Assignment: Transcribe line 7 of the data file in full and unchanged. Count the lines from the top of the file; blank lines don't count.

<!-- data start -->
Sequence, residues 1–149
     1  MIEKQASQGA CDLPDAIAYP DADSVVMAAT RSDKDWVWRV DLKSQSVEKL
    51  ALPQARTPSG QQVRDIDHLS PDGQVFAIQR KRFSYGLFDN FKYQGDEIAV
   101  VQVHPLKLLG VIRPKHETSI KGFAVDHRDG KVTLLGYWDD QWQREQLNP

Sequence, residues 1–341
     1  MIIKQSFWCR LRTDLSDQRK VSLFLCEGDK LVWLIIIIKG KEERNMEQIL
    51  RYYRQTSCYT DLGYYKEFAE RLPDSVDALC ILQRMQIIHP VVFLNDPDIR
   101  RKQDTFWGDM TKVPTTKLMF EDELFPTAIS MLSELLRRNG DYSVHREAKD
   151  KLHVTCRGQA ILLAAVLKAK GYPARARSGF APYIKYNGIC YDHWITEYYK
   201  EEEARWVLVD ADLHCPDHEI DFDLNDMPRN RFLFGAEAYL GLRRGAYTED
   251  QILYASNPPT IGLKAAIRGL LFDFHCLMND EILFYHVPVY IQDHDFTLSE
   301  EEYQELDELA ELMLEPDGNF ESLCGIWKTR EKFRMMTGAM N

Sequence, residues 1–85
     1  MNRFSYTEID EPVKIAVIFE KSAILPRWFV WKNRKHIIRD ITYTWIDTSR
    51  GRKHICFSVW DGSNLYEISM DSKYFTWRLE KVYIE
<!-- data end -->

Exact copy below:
    51  RYYRQTSCYT DLGYYKEFAE RLPDSVDALC ILQRMQIIHP VVFLNDPDIR